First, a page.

Demonising the Poor

I was speaking to an old friend a few days ago, catching up on family news and what we’d been up to. I mentioned that I’d just been up to drop off a box of donated food for the local foodbank, and there was an unusually eerie silence. The word on my friend’s lips next shocked me: ‘Why?’

Now, I happen to know this person has not been hiding under a stone for the last few years, as benefit cuts and austerity has gripped the UK. He grew up in a working class area, from working class parents who often struggled to make ends meet, the same as I did. So this threw me a little. I stumbled through an explanation I didn’t really feel I should need to make; relating the facts I thought he would know: that many families are struggling to feed their children, due to welfare cuts and loss of work. That some people are working and yet still on such low wages they can’t get by without the help of foodbanks to cushion them. And if the word ‘why’ had surprised me, his next, which I can only describe as a ‘rant’ shocked and sickened me. It went something along these lines:

‘So you know most of the people who use these foodbanks smoke and stuff, right? While gullible suckers like you are buying them food. There’s only one way to feed your family, I’m afraid, and that’s hard work. These People just don’t want to work. They just want handouts…’ I think it perhaps went on a little longer than this. I have a bad feeling he moved on to ‘these asylum seekers’, but, by this time, my hackles rising, I had to pull the telephone away from my ear to block out some of his talk. I felt guilty just being a party to this conversation. I did try my best to get a few words in, but it was no good – his mind had already been made up.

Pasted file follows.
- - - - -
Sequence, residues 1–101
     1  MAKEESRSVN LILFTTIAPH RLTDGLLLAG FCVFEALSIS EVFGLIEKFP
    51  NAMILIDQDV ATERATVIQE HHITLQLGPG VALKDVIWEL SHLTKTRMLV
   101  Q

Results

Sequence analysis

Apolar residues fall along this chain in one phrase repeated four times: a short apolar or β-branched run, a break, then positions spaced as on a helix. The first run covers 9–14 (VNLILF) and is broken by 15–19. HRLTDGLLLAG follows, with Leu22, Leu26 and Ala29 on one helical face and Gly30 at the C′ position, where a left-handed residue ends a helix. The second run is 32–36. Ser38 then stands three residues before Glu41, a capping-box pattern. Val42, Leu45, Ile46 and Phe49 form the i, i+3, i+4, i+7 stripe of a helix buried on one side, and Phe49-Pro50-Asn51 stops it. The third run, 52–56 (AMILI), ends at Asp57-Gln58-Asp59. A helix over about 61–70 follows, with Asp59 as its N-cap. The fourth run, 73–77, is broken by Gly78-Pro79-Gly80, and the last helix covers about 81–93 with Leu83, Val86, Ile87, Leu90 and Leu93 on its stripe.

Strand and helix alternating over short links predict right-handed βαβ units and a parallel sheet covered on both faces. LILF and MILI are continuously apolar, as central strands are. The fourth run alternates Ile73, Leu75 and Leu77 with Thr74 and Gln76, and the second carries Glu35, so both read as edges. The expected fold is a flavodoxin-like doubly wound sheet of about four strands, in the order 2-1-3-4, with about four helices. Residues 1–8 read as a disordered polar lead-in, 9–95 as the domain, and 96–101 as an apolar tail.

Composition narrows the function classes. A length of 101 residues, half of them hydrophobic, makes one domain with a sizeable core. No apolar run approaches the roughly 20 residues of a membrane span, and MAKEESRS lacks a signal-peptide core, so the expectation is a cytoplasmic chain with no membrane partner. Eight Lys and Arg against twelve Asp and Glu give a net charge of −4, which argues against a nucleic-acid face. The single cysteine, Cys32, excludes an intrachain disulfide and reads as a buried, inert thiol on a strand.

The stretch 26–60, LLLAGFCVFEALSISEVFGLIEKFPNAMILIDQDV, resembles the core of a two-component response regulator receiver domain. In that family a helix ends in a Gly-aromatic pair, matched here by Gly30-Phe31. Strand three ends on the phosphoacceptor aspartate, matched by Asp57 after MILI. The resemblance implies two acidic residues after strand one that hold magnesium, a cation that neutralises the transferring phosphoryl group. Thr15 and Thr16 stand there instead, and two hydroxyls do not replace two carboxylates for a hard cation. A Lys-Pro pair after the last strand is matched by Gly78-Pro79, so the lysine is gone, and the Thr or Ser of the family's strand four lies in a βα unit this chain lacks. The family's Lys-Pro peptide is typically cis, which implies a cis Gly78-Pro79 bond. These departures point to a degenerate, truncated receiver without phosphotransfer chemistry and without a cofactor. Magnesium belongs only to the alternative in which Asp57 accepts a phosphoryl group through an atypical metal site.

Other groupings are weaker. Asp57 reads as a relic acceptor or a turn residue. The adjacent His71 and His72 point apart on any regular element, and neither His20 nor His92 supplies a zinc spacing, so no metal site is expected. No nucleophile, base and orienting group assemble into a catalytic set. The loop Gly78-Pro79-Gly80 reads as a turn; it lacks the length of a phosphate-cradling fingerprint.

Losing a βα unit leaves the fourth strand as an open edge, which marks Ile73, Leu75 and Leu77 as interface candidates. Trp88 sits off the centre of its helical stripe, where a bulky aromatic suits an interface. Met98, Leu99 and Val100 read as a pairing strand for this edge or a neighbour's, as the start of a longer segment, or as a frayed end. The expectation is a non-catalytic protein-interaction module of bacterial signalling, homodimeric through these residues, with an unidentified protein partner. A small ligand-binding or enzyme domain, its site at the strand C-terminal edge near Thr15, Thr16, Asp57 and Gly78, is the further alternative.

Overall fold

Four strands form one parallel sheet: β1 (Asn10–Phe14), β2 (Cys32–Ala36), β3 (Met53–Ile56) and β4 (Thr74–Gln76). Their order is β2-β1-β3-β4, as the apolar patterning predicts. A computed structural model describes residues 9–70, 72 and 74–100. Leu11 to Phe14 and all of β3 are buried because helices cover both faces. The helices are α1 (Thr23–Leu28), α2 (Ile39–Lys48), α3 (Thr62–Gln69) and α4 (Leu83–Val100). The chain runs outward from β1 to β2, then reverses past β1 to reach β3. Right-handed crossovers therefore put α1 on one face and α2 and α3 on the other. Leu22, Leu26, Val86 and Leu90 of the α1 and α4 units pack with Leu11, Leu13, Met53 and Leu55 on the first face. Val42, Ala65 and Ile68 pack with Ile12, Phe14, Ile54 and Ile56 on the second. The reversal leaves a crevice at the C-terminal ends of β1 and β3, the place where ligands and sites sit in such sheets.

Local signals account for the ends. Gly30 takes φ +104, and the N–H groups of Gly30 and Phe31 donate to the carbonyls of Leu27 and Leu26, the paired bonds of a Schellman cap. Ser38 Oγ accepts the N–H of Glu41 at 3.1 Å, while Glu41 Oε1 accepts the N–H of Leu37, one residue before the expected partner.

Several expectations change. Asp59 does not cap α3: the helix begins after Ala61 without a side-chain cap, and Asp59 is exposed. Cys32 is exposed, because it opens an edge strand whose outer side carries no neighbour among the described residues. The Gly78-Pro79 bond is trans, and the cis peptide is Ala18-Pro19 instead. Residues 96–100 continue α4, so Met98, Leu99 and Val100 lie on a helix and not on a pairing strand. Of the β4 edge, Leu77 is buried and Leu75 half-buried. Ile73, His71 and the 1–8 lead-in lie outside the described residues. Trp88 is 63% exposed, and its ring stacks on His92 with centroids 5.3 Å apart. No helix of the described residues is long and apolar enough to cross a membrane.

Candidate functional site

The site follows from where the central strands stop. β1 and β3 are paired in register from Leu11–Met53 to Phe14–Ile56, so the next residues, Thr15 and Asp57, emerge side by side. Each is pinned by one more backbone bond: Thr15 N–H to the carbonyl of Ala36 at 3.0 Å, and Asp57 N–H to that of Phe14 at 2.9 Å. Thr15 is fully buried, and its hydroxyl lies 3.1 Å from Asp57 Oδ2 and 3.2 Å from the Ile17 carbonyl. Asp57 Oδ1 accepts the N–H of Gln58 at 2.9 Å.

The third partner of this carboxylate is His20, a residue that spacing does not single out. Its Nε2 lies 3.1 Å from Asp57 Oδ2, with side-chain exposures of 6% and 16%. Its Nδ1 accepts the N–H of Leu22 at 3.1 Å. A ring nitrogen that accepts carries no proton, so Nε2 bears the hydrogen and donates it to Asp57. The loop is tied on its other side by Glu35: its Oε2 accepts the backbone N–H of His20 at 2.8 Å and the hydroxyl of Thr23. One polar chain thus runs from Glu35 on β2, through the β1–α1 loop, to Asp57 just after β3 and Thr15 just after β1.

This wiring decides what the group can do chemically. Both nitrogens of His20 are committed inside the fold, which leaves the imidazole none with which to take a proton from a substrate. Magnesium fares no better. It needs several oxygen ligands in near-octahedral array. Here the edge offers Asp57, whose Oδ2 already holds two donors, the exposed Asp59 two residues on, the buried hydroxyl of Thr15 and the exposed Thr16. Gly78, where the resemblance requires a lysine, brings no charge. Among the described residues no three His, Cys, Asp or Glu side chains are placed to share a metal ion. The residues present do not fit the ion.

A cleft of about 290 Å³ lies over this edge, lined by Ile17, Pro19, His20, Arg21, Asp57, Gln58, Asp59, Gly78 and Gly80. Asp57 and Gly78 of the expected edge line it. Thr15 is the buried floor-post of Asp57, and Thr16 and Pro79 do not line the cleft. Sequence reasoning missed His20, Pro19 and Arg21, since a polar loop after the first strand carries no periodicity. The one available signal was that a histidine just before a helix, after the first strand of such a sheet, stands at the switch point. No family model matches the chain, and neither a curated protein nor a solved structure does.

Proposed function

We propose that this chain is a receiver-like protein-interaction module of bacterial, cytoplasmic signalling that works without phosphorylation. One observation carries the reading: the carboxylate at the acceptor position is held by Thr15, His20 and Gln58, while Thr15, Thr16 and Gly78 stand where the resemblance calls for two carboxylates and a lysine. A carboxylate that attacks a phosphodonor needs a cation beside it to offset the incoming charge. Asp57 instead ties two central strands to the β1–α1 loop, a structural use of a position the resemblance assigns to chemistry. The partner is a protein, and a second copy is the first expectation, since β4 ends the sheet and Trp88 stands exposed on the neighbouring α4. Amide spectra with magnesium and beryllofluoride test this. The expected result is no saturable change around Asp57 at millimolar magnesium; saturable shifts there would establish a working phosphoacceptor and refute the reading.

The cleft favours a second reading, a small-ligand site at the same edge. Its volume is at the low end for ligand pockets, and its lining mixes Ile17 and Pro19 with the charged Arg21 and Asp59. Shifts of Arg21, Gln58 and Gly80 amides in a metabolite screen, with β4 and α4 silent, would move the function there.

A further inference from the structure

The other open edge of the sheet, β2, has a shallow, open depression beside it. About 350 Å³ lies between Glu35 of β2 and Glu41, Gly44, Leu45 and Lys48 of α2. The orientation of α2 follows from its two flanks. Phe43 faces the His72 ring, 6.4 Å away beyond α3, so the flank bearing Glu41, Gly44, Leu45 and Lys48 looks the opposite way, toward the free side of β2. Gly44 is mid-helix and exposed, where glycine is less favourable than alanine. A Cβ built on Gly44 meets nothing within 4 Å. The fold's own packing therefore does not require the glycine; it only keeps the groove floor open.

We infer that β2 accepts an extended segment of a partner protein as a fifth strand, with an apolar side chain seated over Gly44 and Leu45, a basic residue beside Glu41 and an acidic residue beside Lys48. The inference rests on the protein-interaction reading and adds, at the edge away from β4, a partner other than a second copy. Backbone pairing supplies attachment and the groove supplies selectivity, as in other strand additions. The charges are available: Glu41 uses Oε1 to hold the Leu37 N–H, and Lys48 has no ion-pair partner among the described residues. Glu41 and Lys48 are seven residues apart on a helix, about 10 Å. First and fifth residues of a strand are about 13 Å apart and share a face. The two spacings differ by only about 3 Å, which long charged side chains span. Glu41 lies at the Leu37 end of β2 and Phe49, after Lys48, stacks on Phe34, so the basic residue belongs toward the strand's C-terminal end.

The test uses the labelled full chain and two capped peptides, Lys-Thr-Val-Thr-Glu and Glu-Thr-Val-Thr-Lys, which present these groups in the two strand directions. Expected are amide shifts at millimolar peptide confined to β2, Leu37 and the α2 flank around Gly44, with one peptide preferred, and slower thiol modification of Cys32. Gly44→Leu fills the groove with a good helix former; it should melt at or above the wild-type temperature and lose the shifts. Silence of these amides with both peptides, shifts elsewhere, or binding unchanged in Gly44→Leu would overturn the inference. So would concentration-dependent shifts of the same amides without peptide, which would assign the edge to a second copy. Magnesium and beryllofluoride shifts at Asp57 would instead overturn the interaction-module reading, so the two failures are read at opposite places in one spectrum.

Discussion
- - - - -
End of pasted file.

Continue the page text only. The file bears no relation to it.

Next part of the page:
Then, later the same week, I re-tweeted a petition asking the government not to stop the Tax Credits system many UK families on low incomes rely on; mine being one of them. I subsequently began receiving messages from a gentleman who shall remain nameless in the vein of ‘scroungers taking money from the tax payer’. When I (politely) responded that hard working families getting financial help to pay for children’s school dinners/uniforms/food generally wasn’t what I would call a waste of money, the response was: ‘Why are These People having children they can’t afford’. That phrase again: These People. Who are these mysterious people? Well, I’m one of them, clearly. Was I being an abuser of the system by having two daughters and not taking a highly paid job because I felt it was more important to stay at home and raise them, whilst my husband worked? Were we wrong to open a small business, employing a handful of local workers part-time and creating something for the community?

Over the past few years, we have gone on and off Working Tax Credits as our business fluctuated during the recession. Apparently, according to that gentleman, I should have made ‘contingency plans’ to avoid the need for Tax Credits altogether.